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Intel Takes Big Steps to Provide Open Access to Intel® Tofino™ P4-Programmable Switch ASIC

Sep 13, 2021
Sunil Ahluwalia
Sunil Ahluwalia About the author

This P4 blog was contributed by Sunil Ahluwalia, Sr. Director, Product Management, Intel

The launch of P4-programmable Ethernet switch ASICs revolutionized data center,
telecommunications and enterprise networking. Now, P4-based switching is getting better with
the opening of the Intel® Tofino™ Native Architecture (TNA) to the developer community. This
blog post marks a big milestone in the process – the publication of Intel TNA documentation.

Companies that produce CPUs and other programmable devices along with the development tool
ecosystem typically provide compilers and access to instruction sets in order to enable a wide
range of applications. Prior to the launch of Intel Tofino, most switch ASICs have been closed
with programming limited to an elite corps of engineers working for the companies that design
network equipment. As a result, network innovation has been somewhat stifled.

P4 changed this dramatically by offering customers a way to program their network switches, but
left one problem: without open interfaces, programmers could not share their work with the
community. As a result, each programmer had to develop their code from scratch without being
able to build it on top of the code written by others. Intel has taken the following steps to open
the TNA:

  • Published TNA files: This step allows current developers to publish their code. This
    includes academic researchers and Intel Tofino customers who have been trained on the
    programming tools, but have been prevented by NDA from publishing their programs.
    Now they can share their programs.
  • Published Barefoot Runtime Interface: The BRI is the API that the switch’s control plane
    uses to communicate with the switch’s data plane. The benefit is the ability to publish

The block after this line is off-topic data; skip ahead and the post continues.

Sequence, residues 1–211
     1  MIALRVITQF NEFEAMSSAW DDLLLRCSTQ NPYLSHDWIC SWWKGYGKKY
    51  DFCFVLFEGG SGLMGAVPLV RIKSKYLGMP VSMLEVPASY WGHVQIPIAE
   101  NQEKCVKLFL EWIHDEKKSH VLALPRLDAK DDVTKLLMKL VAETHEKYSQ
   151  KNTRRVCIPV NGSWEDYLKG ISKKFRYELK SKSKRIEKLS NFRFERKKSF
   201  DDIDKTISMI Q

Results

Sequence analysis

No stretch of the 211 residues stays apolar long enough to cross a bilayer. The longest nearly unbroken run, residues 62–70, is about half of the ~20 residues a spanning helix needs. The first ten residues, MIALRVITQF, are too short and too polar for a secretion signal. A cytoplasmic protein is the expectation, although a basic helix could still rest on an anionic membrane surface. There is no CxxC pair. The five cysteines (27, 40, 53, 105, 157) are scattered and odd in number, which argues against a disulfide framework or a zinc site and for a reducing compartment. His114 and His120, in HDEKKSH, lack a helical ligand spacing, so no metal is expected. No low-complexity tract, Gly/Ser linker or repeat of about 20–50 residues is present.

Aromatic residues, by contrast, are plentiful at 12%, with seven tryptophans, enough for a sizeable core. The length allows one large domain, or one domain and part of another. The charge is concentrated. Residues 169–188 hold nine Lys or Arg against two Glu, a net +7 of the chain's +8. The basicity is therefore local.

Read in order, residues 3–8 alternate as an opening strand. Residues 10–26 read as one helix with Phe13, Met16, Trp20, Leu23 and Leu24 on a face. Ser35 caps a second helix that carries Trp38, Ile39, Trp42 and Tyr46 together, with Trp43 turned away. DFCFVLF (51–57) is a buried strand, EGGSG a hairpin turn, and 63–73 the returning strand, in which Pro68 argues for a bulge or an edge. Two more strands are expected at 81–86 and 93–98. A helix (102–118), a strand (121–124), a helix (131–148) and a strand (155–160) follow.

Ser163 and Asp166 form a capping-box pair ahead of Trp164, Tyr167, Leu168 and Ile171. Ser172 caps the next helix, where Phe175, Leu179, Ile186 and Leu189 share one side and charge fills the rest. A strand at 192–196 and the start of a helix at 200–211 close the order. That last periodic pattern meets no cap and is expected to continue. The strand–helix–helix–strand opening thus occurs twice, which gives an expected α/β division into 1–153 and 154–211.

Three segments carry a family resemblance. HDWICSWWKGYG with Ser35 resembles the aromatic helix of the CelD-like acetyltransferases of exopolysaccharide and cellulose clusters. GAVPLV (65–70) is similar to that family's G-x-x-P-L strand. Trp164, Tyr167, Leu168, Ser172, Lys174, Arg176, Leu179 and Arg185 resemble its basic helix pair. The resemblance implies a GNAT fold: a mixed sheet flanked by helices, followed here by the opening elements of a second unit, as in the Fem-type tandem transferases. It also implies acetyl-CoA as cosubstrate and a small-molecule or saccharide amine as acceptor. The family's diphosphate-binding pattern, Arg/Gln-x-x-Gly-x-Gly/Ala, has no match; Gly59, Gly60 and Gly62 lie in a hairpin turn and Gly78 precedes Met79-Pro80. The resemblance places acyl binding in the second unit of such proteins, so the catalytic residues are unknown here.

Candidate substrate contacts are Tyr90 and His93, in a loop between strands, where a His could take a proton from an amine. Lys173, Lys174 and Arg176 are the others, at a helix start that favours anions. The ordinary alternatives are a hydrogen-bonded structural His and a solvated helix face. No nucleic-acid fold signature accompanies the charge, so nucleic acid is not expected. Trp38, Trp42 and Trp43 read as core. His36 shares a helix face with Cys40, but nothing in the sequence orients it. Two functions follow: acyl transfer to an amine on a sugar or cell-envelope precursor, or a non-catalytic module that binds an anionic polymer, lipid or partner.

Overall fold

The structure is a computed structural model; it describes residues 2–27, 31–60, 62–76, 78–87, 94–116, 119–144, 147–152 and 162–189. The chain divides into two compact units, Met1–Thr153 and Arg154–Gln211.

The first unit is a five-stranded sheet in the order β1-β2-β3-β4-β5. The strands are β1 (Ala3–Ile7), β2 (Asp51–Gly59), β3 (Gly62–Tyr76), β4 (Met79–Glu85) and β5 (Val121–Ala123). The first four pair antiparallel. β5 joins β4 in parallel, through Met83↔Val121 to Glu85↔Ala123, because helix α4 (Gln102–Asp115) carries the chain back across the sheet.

control plane programs and the beneficiaries are, again, primarily the academic
    researchers and customer developers who haven’t been able to publish their work (but
    now can).
  • Published TNA Documentation: This is the most recent step and the most impactful when
    it comes to bringing in new developers. This document is a complete description of the
    P4-programmable components that are part of the TNA along with APIs and
    documentation are made available in an application note titled “P4 16 Intel Tofino Native
    Architecture – Public Version,” that was posted in a GitHub repository. A license to Intel®
    P4 Studio is required to do the development. This application note enables the technically
    savvy programmer that wants to learn P4 on Tofino to get started.

Driving New Network Thinking

An exciting aspect of the availability of the open TNA is the innovation that can be unleashed
using P4 and open TNA. Right now, companies have developed load balancing, firewalls and
other networking applications that take advantage of the packet processing power of the Intel
Tofino data plane which offers up to 6.5 Tbps of throughput.

By publishing the documentation app note, developers can freely discuss the interfaces and learn
and build upon the work of others while at the same time sharing their own developments.
Historically, this kind of sharing has led to positive advances in technology – even the possibility
of the creation of the next currently unknown killer app for P4-based networking.

A programming language like P4 is a powerful construct that, like our own human languages,
can use a few terms to create unimagined capabilities. I think back to the first Intel® CPUs which
powered calculators – and how they have evolved, thanks to programmability, to what they can
do now. I believe that with an open P4-programmable switch we are giving people the tools for
promising and exciting developments.

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ABOUT THE AUTHOR Sunil Ahluwalia
Sunil AhluwaliaSr. Director Product Management, Intel

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